All of this is from ProQuest.

Trick or treat from food endocannabinoids?
Nature Dec 17, 1998; Di Marzo, Vincenzo; Sepe, Nunzio; De Petrocellis, Luciano;
Abstract:
The endocannabinoid content of various foods was evaluated. The discovery of anandamide and other N-acylethanolamines (NAEs) in chocolate led to the speculation that the supposed rewarding affects of cocoa are caused by the presence of substances that act as cannabinoid mimics. NAEs and 2-arachidonoylglycerol (2-AG) were purified from various foods including mature human, bovine, and goat milk and cocoa at different stages of processing. The amounts of anandamide, 2-AG, and the sleep-inducing compound oleamide were several orders of magnitude lower that those required to cause observable central effects if given by mouth. A reply by Beltramo and Piomelli, who were among the first discoverers of possible cannabinoid mimics in chocolate, is published.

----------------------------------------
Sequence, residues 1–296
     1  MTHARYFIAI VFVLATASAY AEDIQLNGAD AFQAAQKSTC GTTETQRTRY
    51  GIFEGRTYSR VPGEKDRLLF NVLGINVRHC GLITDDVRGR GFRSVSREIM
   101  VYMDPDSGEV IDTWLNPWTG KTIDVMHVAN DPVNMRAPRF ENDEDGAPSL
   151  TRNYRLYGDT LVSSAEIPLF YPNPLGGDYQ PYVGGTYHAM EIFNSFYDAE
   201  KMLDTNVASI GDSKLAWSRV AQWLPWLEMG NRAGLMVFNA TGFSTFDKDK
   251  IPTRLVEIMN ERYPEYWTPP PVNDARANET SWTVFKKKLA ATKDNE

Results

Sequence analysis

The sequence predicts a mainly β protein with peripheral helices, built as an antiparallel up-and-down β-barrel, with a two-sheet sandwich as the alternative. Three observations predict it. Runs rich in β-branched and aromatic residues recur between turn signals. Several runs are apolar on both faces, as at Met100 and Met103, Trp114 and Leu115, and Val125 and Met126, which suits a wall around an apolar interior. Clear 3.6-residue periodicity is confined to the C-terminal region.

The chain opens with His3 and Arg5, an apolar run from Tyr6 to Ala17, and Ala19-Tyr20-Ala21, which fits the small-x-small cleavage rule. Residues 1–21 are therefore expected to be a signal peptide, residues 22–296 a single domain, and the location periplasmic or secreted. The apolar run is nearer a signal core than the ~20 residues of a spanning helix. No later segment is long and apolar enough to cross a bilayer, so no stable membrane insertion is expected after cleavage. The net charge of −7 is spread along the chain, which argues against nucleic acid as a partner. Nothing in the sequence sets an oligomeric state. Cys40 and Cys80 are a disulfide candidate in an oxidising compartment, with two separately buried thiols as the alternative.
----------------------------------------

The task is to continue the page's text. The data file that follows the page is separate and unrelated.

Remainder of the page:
Chocolate: the wonder drug
The Sciences; Jul/Aug 1997; Michener, Willa;
Abstract:
In response to Christine Chianese's March/April report on the discovery of anandamide and 2 of its chemical analogues in chocolate, the writer discusses the role of anandamide deficiency in premenstrual syndrome and perimenstrual epilepsy. Anandamide occurs naturally in the brain where it binds to some of the same receptors as tetrahydrocannabinol, the active ingredient of marijuana. The writer proposes that women who crave chocolate in the perimenstruum--the days just before and after the start of menses--may experience anandamide deficiency or enhanced anandamide-receptor sensitivity during the perimenstruum. Furthermore, anandamide deficiency could explain perimenstrual anxiety and the increased incidence of epilepsy, arthritis, and asthma among some women during this time.


Maybe all a bit too speculative?